For the next 8 months, NFL draft experts, Draftniks, fans, and many more will be breaking down film and arguing about who the top prospects are. But for Devy owners, the time is now to decide who the top prospects will be, come February. Most of us know who those top names are at the running back position, but for owners that build around the wide receiver position, it is essential to find that next stud receiver to build their team around.
So who is the top wide receiver of the 2017 draft class??
Most will mention that guy from USC and while he isn’t a bad choice, I am here to tell you who the true #1 wide receiver will be.
That is, none other than, Clemson wide-out Mike Williams…
RsJR wide receiver
6’4” 220 lbs.
DOB: Oct 4th, 1994 (22 years on Draft day)
Mike Williams grew up in South Carolina and attended Lake Marion High School & Technology Center in Santee, South Carolina. He was rated as the 199th player (3rd best in South Carolina) by ESPN before committing to play for the Tigers.
As a freshman, Williams played in all 13 games, while starting in 3 of them. He would end his freshman year with 20 receptions for 216 yards and 3 touchdowns. Entering his sophomore year as a full time starter he finished with 57 receptions for a team leading 1,030 yards and 6 touchdowns. As a result, Williams earned second team All ACC honors by the media and entered the 2015 season as one of the top wide receivers in college football.
In 2015, Williams started and played in only 1 game before suffering a fractured neck after colliding with the goal post on a touchdown catch. Ultimately, Williams was redshirted in 2015 and has since been cleared to play in 2016. He has been named a preseason first team All-American by Phil Steele.
Hands: When talking about what makes Williams so good, you have to start off talking about his hands. Williams possesses some big, strong hands, which is certainly the most important trait for a receiver. As a result of his god given natural abilities Williams is able to make contested catches, the highlight reel catches, and pluck the ball out of the air with ease because of his big mitts.
In this play, you will see Williams dive and stretch out for an overthrown ball. His length plays a huge part in this obviously, but it’s his strong hands that allow him to reel in a normally uncatchable ball.
Here you can see Williams adjust to a pass made towards the sidelines. He is able to stretch out and snatch the ball while keeping one foot down. His strong hands allow him to focus more on getting the foot in bounds and securing the reception for a first down.
Footwork: Williams has some excellent footwork for a wide receiver of his size. He has quick feet that allow him to get around DB’s at the line of scrimmage. He also uses good footwork to adjust to poorly thrown passes.
In this first play, you see Williams (at the top of the screen) showing off his quick feet when breaking down on the hitch route. On top of that, he has to use his fancy footwork to adjust to the throw on the outside.
Here you can see Williams (at the bottom of the screen) use his quick feet to get around the DB with ease at the line of scrimmage.
Quickness: For a guy that is 6’4” and 220 lbs., Williams is shockingly quick. He does a great job of taking advantage of soft coverage by beating DB’s on dig and post routes over the middle, which makes him a nightmare matchup.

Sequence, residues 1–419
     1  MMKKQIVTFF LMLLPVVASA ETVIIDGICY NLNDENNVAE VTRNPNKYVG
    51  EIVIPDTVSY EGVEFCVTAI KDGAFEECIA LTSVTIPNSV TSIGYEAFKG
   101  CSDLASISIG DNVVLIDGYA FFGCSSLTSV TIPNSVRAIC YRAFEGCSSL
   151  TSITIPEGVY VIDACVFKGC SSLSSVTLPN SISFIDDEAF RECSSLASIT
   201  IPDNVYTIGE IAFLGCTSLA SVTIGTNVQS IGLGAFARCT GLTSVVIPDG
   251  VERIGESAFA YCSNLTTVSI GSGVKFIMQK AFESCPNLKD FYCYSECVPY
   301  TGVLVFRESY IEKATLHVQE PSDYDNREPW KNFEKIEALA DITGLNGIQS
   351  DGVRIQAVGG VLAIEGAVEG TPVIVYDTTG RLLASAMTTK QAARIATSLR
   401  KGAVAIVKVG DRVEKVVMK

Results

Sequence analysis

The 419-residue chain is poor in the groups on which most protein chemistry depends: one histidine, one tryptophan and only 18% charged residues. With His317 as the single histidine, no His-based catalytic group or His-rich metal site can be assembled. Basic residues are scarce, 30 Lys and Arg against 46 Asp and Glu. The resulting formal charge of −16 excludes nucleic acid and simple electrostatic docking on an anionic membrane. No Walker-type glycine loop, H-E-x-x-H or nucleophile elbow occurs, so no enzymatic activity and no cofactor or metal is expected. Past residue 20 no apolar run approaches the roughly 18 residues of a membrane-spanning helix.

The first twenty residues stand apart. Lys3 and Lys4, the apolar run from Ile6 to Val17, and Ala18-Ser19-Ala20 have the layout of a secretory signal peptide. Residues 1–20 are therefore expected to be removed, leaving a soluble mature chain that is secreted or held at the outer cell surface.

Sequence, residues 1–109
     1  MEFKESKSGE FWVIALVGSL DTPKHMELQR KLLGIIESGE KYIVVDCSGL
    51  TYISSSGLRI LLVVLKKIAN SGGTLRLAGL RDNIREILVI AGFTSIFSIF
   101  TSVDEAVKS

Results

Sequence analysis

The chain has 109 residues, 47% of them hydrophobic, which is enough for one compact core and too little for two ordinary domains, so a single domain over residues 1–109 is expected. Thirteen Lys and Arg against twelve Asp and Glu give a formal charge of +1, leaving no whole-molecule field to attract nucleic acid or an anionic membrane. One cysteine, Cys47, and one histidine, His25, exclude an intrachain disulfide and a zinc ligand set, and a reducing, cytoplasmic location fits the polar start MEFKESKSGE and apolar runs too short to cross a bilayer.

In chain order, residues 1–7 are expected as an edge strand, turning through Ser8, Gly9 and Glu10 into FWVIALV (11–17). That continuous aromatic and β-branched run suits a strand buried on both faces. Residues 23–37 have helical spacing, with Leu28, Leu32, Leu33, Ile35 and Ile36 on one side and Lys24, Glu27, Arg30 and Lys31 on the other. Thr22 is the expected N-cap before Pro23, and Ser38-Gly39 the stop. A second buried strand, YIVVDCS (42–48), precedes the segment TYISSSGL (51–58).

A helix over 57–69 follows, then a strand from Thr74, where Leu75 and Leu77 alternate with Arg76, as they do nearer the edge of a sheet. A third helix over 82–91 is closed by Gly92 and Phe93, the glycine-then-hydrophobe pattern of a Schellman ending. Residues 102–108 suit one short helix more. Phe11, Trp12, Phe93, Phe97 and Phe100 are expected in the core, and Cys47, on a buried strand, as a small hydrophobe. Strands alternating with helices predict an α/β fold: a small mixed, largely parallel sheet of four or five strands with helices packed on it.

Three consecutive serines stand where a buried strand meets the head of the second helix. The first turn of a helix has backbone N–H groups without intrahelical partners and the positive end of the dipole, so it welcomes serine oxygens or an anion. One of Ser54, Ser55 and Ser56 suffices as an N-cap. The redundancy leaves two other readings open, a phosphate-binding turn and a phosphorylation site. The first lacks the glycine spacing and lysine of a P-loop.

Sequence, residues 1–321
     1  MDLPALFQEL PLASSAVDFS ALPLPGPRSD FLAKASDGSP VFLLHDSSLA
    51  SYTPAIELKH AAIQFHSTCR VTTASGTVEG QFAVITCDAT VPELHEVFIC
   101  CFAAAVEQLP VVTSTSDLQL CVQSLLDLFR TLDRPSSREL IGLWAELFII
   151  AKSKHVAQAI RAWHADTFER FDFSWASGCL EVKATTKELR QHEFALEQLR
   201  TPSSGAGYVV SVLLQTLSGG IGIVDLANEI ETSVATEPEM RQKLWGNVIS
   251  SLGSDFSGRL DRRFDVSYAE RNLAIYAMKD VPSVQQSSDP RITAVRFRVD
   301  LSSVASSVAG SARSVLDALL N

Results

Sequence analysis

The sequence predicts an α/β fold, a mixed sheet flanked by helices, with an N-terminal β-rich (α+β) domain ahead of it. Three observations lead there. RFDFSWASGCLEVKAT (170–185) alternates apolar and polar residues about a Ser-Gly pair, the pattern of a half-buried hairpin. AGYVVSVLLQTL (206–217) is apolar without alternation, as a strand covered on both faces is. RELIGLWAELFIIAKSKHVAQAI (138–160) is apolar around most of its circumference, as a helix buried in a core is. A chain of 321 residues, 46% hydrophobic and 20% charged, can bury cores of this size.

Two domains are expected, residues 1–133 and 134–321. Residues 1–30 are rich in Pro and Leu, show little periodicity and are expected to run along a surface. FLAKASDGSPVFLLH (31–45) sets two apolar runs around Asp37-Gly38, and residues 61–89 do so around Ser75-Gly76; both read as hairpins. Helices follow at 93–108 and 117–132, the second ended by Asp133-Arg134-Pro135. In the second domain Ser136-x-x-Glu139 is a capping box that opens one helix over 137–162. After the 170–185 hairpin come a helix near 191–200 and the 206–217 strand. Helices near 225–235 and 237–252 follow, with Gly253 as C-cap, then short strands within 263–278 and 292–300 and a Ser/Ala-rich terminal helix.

At the top of the screen, you can see Williams does a nice job of stacking the DB, while using his quickness to beat him to the middle.
Strength: Williams has incredible strength that helps him win in a number of different ways. First, Williams is able to beat any press coverage thrown his way. He can use his strength to run through any DB that tries to jam him and can also disarm them when they try to pop him at the line.
On this last play, you can see Williams (bottom of the screen) use a blend of all these skills. His footwork and quickness allow him to get on the inside where he then uses his strength to keep the DB from jamming him.
Speed: For all the positives that allow Williams to win, he does lack the top end speed to beat DB’s over the top. At times, he can struggle on “Go” routes when DB’s give him a little cushion, as he lacks the ability to blow past them and must rely on his strength and hands to win at that point.
Route Running: Route running isn’t a huge negative, but more so inconsistency is his weakness. At times he relies on his strength and quickness to win, but at the next level he needs to have crisp routes at a more consistent pace.
In this first gif, Williams (top of the screen) looks to break to the outside, but does a poor job of sinking his hips, which would make the move more fluid. Something we see too often.
*All videos are courtesy of DraftBreakDown.com.
Overall, I believe Williams is an elite wide receiver prospect in this upcoming draft. He has the size, strength, and quickness combo to compete with any defensive back at the next level. He combines that with elite level hands, which will help him win and will aid him in becoming a reliable target in the NFL.
At the end of the day, with continued work on getting faster and becoming more consistent with his route running, Williams could become another Clemson product to make it at the next level and add to the ever growing list of elite former Tiger wide receivers dominating in the NFL.
Thanks for reading. You can find me on Twitter @_codygarrett.